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Gregor Mendel
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Gregor Mendel

Gregor Johann Mendel (July 22, 1822January 6, 1884) was an Austrian monk who is often called the father of genetics for his study of the inheritance of traits in pea plants.

Mendel was born in Heinzendorf, Austria (now Hyncice, Czech Republic). During his childhood Mendel worked as a gardener, and as a young man attended the Olmutz Philosophical Institute. In 1843 he entered an Augustinian monastery in Brno. He was later sent to the University of Vienna to study.

By both his professors at University and his colleagues at the monastery, Mendel was inspired to study variance in plants. He commenced his study in his monastery's experimental garden. Between 1856 and 1863 Mendel cultivated and tested some 28,000 pea plants. His experiments brought forth two generalizations which later became known as Mendel's Laws of Inheritance. His experimental results have later been the object of considerable dispute. The renowned statistician Sir Ronald Fisher analyzed the results of the F1 ratio and found them to be implausibly close to the exact ratio of 3 to 1. While only a few would accuse Mendel of scientific malpractice or call it a scientific fraud — reproduction of his experiments has demonstrated the accuracy of his hypothesis — it has continued to be a mystery for many. The fact that his reported results concentrate on the few traits in peas which are determined by a single gene has also suggested that he may have censored his results.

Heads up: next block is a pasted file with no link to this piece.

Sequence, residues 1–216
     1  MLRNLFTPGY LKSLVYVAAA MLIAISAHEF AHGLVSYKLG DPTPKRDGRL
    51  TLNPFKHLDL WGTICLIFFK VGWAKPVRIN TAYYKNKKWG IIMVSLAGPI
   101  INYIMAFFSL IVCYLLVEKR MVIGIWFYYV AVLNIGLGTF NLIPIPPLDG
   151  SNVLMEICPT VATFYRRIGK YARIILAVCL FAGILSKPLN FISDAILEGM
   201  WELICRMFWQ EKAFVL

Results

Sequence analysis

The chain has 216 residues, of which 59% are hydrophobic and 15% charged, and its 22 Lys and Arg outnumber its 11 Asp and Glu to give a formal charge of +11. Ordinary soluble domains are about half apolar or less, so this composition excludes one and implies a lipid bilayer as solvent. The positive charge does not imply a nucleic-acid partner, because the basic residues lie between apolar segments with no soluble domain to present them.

Mendel read his paper, Experiments on Plant Hybridization, at two meetings of the Natural History Society of Brunn in Bohemia in 1865. When Mendel's paper was published in 1866 in Proceedings of the Natural History Society of Brunn, it had little impact. It was not until the early 20th century that the importance of his ideas was realized. In 1900, his work was finally rediscovered by Hugo de Vries, Carl Correns and Erich von Tschermak and was contributory to the modern synthesis in evolutionary biology.

Mendel died January 6, 1884 in Brno, Austria-Hungary (now Czech Republic).

Table of contents
1 See also
2 Further reading
3 External links

See also

Further reading

External links